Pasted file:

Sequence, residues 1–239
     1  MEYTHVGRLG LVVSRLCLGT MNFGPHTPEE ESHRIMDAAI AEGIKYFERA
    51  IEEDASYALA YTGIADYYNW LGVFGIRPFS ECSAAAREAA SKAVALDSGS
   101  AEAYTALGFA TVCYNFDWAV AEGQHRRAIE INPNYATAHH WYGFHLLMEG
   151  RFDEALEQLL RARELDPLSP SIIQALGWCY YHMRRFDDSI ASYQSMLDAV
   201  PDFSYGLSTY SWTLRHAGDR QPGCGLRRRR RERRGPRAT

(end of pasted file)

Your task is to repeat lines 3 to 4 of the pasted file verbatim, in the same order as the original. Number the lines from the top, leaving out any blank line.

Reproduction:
    51  IEEDASYALA YTGIADYYNW LGVFGIRPFS ECSAAAREAA SKAVALDSGS
   101  AEAYTALGFA TVCYNFDWAV AEGQHRRAIE INPNYATAHH WYGFHLLMEG